(Bloomberg) — In the early days of setting up his email marketing startup Mailchimp, Ben Chestnut was warned by venture capitalists of the company’s impending demise if he didn’t take their money and advice.
“A lot would give me the same pitch from the last man, always a semi-threatening pitch,” Chestnut said in a Zoom call. “Like an insurance agent, ‘You’re going to die.’ It was always doomsday scenarios.”
When some of his colleagues took on venture capital, Chestnut, 47, wondered if he was doing something wrong by not following the entrepreneur’s well-trodden path. But he felt that potential investors didn’t seem to understand his vision of supporting small business growth. Instead of listening to the bleak predictions, he eventually took them as a provocation: “Like, do you think I’m not going to make it?”
After resisting outside investors for nearly two decades for their Atlanta-based company, Chestnut and his co-founder Dan Kurzius, 49, sold the marketing automation platform for $12 billion to software company Intuit Inc., the developer of TurboTax and QuickBooks.
Chestnut said this isn’t just his payoff, but the start of a new chapter, which will leverage the QuickBooks accounting platform that helps small businesses function. He and Kurzius are paid in Intuit stock, each making a fortune worth about $5 billion (about the same as Intuit’s co-founder Scott Cook).
“I’m going to do what I’ve always done — sit here with my computer and build a great tool,” said Chestnut, who will continue to lead the Mailchimp team. “I don’t see this as an exit at all. It’s like refueling a fighter jet in the air.”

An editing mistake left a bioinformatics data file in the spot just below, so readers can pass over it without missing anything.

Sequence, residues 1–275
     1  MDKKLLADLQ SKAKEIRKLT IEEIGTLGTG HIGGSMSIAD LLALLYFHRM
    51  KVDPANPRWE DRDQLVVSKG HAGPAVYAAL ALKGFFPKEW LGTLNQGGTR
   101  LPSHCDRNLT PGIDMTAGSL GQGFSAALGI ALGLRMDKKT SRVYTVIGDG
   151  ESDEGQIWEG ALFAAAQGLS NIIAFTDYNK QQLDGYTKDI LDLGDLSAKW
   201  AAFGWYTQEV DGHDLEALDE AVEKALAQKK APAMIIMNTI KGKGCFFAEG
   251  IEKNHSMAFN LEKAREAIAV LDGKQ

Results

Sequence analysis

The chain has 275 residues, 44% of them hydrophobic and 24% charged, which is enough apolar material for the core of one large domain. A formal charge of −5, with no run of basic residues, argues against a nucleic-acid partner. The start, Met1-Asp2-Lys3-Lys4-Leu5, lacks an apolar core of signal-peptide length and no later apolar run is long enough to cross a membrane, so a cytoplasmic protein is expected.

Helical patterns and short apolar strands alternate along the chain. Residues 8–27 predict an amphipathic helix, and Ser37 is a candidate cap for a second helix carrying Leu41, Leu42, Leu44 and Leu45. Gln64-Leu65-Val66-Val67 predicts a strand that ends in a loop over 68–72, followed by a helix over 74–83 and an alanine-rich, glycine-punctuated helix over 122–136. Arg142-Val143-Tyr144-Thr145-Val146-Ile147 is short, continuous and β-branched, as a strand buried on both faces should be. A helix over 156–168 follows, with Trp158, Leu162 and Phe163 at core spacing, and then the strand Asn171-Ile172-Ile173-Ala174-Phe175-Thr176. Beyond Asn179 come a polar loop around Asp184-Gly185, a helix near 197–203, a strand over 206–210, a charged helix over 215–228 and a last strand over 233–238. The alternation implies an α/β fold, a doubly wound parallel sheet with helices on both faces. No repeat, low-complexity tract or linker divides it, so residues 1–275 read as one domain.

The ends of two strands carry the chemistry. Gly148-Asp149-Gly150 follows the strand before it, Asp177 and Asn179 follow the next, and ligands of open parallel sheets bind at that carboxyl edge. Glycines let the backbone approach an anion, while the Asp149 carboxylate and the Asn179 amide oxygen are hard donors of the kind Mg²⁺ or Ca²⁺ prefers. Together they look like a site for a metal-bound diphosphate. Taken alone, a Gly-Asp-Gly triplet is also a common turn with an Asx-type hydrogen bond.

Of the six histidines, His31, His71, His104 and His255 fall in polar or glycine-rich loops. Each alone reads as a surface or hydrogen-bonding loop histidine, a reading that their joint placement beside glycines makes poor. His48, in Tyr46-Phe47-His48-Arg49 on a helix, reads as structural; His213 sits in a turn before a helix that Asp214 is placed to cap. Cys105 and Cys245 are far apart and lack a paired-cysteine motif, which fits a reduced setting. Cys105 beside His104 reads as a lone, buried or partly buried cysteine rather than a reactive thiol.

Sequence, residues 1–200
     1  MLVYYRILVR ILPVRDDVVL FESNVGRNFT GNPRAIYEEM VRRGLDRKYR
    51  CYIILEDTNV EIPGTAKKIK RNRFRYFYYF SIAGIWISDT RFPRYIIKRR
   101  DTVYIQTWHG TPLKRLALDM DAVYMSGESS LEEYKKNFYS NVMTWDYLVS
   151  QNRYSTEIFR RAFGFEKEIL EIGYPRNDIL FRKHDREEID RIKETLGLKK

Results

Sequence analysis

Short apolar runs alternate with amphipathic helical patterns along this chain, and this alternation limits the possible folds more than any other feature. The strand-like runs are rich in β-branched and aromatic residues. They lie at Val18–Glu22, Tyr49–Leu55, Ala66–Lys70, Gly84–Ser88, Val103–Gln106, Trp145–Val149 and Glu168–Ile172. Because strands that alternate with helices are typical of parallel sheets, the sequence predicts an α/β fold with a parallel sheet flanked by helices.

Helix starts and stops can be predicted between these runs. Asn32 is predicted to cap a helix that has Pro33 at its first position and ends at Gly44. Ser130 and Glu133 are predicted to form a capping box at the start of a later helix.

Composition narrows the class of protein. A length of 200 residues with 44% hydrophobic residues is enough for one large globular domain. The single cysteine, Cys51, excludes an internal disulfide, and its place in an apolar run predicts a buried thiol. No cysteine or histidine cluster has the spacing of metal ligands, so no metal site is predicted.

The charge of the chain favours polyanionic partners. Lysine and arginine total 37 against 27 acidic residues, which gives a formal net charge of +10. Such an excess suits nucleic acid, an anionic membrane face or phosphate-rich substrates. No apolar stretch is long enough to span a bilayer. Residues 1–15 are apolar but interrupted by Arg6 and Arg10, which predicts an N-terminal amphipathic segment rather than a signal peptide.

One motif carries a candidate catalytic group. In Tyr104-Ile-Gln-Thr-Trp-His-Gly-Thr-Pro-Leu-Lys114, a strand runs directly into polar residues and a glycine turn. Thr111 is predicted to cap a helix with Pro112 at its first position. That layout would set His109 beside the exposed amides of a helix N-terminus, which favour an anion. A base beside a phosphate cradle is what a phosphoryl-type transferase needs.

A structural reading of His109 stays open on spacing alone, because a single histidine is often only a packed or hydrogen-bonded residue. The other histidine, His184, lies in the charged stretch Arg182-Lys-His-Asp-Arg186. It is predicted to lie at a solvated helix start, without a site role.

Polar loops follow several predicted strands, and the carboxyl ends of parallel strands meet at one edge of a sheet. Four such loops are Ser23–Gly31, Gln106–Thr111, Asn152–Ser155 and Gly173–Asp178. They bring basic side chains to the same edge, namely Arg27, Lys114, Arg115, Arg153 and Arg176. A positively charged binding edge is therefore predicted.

Growing up near Augusta, Georgia, Chestnut spent time during his childhood helping his mother in her hair salon which she ran from their family’s kitchen. He studied physics at the University of Georgia and then transferred to the Georgia Institute of Technology, where he focused on web design.
Kurzius meanwhile worked as a DJ and skateboarder before co-founding a web design agency with Chestnut called Rocket Science Group. They used severance pay from their dotcom jobs to get started, Chestnut said. But the co-founders soon discovered that their customers were having trouble sending their email newsletters. They took code from a failed digital greeting card product they made and modified it to launch Mailchimp in 2001.
The side project grew and they began testing pricing strategies, such as prepaid credits, before moving to monthly plans that made their earnings more predictable. Subscriptions now account for the majority of their $800 million in revenue.
The company now sends one billion emails every weekday. As the company evolved, so did monkey-themed branding. Its mascot, Freddie, gives users a high five when sending out a marketing campaign, and knitted monkey hats were used as swag at corporate parties.
Jeffrey Cornwall, a professor of entrepreneurship at Belmont University, said Mailchimp founders were able to maintain control of their business by not relying on venture capital, but also allowed themselves the time to be agile in the early stages of testing their business model.
“There are a lot of companies that assume they need to raise money,” Cornwall said. “Maybe not.”
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